Last July’s event was our 30th year. Lots of regular faces arrive every year and we still have new people entering. We can always accommodate more swimmers and we try to make people welcome.
As the years went by, the sprinters kept asking ‘hey, what about us’? The ‘Sprint Meet’ was born. We place it in early (ish) September to remind people that summer holidays are over and it’s only 7-8 weeks to Masters Nationals at Sheffield so better get in shape with some 50m and 100m sprints.
Finally, in November, we hold a 1500m Freestyle event. At the time, it was normal to swim two swimmers per lane in any distance events over 400m Freestyle. A very unsatisfactory situation at national, European and world events and a complete lottery in regard to who had in your lane.
It could be a homicidal maniac careering done the wrong side of the lane or just somebody who couldn’t swim a straight line – nobody liked it.
I’m sure our 1500m was the first to offer a guaranteed one swimmer per lane competition. We hold it separately from our other events.
If you want to do a great 1500m, you need to concentrate on your own swim and not have anyone else in your lane. We hold the event over two sessions, one Saturday afternoon and one Sunday afternoon. In 2018, we swam on 24 and 25 November.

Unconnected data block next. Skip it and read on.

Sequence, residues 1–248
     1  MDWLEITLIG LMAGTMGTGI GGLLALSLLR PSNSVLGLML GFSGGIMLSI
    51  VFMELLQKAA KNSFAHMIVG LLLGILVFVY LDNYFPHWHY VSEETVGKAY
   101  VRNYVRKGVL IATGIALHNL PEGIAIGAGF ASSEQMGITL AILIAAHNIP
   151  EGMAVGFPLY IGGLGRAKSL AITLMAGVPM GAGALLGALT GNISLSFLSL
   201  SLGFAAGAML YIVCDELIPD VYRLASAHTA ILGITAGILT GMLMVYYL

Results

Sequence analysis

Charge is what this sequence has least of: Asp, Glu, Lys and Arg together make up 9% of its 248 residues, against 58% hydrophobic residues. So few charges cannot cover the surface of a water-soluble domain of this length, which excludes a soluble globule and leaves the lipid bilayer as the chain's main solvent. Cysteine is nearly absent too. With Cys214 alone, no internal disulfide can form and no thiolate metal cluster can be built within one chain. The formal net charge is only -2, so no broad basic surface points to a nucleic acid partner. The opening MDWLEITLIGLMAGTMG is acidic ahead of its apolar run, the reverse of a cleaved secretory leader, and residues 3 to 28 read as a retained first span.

There have been many big masters meets at Barnet. Are there any highlights or swimmers you particularly remember?
Many great world, European, British and other national records broken and, in the early days, many records actually established on the record books.
My highlights are mainly based around the swimming characters we’ve seen racing at our pool. Many years ago, the Serpentine Club would regularly send a small band of gentlemen to race at our meets including a certain Chester Kozlowski.
Chester was from Poland and came to the UK as part of the Polish armed forces at the beginning of the Second World War and stayed as the iron curtain came down across Europe after the conflict.
Part of this man’s intriguing past was the fact that he swam against Tarzan (Johnny Weissmuller) in the Olympic Games in the 1920s. In his 80s at the time, he powered down the length on a relatively slow Breaststroke but with the same grit and determination not to be beaten as he had when he was a young man. Inspirational stuff.
Flora Connolly was a memorable lady. Charming with fabulous technique on IM and especially Breaststroke.